The multiple TVs around a local sports bar last summer showed all the following games: baseball, football, tennis, soccer, basketball, and golf. Most of the time, on all the screens, the focus was on the ball. Was it in or out, high or low, over the line? Was it fairly or accurately caught, kicked, hit, thrown, or bounced? On such decisions rested winning, glory, the cheers of fans, and lots of money.
The appeal of such sports, of course, comes not from just the ball but also from the intensity of the contest to control it and score with it. Still, it’s striking to me that the simple ball is the central device for all that grunting conflict. True, there are competitive sports without balls, including racing, fencing, and wrestling. But for centuries now, if you’ve wanted to get together with your pals and show those other guys a thing or two and have some fun in the process with no real harm done, you bring a ball.
Balls have advantages. They are unbiased but tricky. They don’t bleed, scream or break, but they can bounce oddly and spin past their target at the most frustrating times. A ball is nothing by itself and everything to those who use it skillfully. It demands discipline: a foul ball or a “dead” ball—out of bounds or out of play—offers nothing. The ball offers the pitcher, passer, kicker or other player the best opportunity and no guarantees.
Competitive games with balls draw on a long history of acting out social fears and conflicts through rituals. In his book Ball, Bat, and Bishop: The Origin of Ball Games (1947, 2001), Robert Henderson asserts that “all modern games played with bat and ball descend from one common source; an ancient fertility rite observed by Priest-Kings in the Egypt of the Pyramids” (4). For the early Egyptians as for many societies, the return of the growing season after the darkness of winter was a life-and-death matter. In Egypt, the ritual reenactments of Spring centered on Osiris, the god of agriculture, killed by his evil brother Set, who dismembers Osiris’ body and scatters the twenty-four pieces across Egypt. Osiris returns to life in the form of the fertility of the Nile Valley each year.
Similar ritual reenactments across cultures between darkness and renewal included a sacred object of some kind, a body part or symbol representing triumph and fertility. In the myth of Osiris, it was his phallus. On the other side of the world, in the Mayan ball games dating from about 1400 B.C.E., it could be the severed head of the losing team’s captain. In other cultures, it was the head of a king.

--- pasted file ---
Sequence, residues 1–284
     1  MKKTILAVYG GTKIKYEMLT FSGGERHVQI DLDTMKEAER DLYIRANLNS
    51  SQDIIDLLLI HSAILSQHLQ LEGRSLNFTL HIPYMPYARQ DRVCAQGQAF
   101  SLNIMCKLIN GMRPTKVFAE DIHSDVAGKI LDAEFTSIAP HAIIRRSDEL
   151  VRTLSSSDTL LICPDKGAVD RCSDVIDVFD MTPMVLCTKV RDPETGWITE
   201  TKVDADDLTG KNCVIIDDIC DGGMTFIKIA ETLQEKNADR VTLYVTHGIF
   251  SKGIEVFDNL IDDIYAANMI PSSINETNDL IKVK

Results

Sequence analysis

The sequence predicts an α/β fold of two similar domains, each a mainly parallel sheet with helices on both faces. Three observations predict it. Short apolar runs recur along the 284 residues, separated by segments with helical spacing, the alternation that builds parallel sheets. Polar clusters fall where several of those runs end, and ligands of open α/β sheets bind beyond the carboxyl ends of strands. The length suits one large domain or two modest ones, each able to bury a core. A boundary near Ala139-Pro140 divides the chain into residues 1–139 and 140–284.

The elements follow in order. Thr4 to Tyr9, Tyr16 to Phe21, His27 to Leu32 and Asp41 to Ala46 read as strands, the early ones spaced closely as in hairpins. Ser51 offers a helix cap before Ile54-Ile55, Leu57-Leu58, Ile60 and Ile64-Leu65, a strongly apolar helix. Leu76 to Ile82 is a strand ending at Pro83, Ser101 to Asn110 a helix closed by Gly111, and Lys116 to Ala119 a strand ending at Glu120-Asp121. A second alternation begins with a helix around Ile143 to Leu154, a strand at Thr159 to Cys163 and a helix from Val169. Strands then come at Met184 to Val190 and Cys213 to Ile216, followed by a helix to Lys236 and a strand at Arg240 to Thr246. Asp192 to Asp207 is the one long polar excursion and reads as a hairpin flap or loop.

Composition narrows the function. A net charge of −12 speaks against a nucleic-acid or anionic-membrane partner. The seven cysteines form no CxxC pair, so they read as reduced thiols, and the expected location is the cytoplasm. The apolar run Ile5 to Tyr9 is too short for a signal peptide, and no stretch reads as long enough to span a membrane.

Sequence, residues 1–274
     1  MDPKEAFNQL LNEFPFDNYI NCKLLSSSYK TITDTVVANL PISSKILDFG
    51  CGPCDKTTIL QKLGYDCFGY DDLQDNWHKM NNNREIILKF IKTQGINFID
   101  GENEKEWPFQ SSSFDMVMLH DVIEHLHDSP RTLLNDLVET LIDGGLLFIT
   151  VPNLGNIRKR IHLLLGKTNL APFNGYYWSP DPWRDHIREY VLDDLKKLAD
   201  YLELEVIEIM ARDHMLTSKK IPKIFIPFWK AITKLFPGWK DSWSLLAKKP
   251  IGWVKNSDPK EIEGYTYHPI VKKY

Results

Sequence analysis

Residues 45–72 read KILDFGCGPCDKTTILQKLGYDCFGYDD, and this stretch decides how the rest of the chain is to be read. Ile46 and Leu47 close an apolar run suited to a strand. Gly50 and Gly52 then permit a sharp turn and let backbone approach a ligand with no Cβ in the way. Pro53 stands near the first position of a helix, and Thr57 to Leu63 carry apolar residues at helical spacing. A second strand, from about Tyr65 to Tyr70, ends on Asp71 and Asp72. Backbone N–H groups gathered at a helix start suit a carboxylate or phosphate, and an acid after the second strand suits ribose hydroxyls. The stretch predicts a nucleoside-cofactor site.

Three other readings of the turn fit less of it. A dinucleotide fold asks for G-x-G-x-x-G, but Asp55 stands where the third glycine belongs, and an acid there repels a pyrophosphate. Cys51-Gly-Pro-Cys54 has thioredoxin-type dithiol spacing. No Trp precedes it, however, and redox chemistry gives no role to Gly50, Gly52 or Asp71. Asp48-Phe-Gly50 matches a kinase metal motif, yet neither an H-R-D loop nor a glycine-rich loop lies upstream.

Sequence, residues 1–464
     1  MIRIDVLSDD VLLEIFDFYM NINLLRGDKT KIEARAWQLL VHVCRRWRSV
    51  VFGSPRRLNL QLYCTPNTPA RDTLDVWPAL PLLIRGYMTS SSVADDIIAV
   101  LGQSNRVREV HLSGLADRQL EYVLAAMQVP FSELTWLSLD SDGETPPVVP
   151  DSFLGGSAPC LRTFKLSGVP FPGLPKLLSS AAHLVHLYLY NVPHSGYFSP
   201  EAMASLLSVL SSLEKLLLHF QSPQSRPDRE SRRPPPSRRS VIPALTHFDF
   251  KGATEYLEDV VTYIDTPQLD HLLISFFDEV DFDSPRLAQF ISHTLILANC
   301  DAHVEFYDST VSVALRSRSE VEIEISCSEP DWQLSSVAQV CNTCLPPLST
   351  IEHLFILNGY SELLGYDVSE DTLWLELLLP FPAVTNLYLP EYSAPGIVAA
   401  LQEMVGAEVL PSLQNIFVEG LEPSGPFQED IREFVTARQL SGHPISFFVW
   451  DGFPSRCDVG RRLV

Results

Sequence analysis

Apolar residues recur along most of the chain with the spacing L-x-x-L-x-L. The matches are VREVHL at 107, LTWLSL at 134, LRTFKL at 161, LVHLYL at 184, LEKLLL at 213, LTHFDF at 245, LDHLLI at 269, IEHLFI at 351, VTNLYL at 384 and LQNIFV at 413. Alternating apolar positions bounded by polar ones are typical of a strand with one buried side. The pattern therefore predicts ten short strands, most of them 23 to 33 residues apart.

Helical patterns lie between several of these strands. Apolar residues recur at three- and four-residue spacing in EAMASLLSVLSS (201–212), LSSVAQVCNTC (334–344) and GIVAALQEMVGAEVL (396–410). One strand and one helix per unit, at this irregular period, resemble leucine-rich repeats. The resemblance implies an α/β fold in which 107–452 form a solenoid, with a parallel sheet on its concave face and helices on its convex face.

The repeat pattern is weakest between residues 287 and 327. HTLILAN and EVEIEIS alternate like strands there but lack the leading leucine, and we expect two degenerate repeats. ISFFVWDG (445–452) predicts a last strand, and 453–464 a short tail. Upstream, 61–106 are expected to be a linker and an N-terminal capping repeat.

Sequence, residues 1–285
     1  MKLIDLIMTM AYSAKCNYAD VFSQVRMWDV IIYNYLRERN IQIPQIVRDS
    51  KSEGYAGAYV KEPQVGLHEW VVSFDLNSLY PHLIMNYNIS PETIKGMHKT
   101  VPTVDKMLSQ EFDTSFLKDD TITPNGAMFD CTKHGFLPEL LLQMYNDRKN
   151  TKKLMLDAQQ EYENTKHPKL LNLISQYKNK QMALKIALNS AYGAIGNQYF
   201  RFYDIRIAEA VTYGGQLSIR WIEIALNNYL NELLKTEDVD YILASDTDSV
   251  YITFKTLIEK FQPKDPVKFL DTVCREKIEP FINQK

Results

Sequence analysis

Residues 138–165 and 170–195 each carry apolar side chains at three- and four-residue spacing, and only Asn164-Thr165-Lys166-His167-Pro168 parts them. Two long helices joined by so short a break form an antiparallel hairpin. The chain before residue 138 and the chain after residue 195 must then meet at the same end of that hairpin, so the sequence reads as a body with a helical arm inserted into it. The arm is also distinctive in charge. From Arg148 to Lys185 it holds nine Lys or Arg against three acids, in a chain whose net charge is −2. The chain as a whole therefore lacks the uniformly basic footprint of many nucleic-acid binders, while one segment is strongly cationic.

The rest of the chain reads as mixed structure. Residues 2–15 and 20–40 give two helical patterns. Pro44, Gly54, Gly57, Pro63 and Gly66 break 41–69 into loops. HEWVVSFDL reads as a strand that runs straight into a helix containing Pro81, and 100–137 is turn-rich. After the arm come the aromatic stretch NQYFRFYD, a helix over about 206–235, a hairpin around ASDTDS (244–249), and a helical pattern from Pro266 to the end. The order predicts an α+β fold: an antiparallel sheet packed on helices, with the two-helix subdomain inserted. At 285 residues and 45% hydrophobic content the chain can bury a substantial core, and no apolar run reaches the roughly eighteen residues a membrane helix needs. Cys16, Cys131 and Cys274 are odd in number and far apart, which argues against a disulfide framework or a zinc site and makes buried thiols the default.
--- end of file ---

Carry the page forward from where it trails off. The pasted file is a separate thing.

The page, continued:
Such antecedents of today’s ball games seem remote, but consider the similarities. Like the ancient rituals, sports today are organized as an annual series of contests that start fresh each year. And though some sports today may be played year round, we still refer to their “seasons” and to players as having, for example, a “memorable season.”
And part of the appeal of ball games has long been the festive and “unruly crowd” that strains against the rules and procedures of play. The games celebrated Spring, after all, and fertility is sexual as well as agricultural. In rural England and Europe, the opposing teams were often the married men versus the unmarried men. And even more surprising today are descriptions of the crowds of people playing on each of two teams. Illustrations show swarms of them pulling and shoving in a rugby-like struggle for a ball, or mobs scrambling after a single ball with what look like today’s field hockey sticks. These mass competitions were the ancestors of not only hockey itself but also lacrosse, polo, cricket and baseball.
The Church in Europe did what it could to reign in such pagan festivities and to connect to them as well. Henderson writes that on Easter Mondays in southern France, celebrants were invited to the Archbishop’s Palace for an Easter meal, “after which the Archbishop threw a ball amongst the assembled people, who promptly played a game of ball” (37).
As the agricultural era gave way to the industrial age in the early nineteenth century, men and women left the fields and worked instead in factories. Ball games took place in the off-hours. But crowds, fun, and bragging rights remained the themes. The song “Take me out to the ball game,” an instant hit in 1908, were the words of a young woman to her beau about where she wanted go on their date. Sports become marketable entertainment.
Despite its commercialization, we’re still drawn to the mix of the player’s skills and ambitions, the surprising moments, the dependable rules and rituals, and the suspense of where the fast, tough little object on which everything depends, will go. Orderliness tries to rein in energy: Players fight and take the penalty. Champagne erupts after victories but off the field. Cheerleaders and players are not allowed to date. Crowds have been moved off the field and into the grandstands and bars but still cheer and jeer. With deeper roots in our history and our psyches than we knew, the games go on.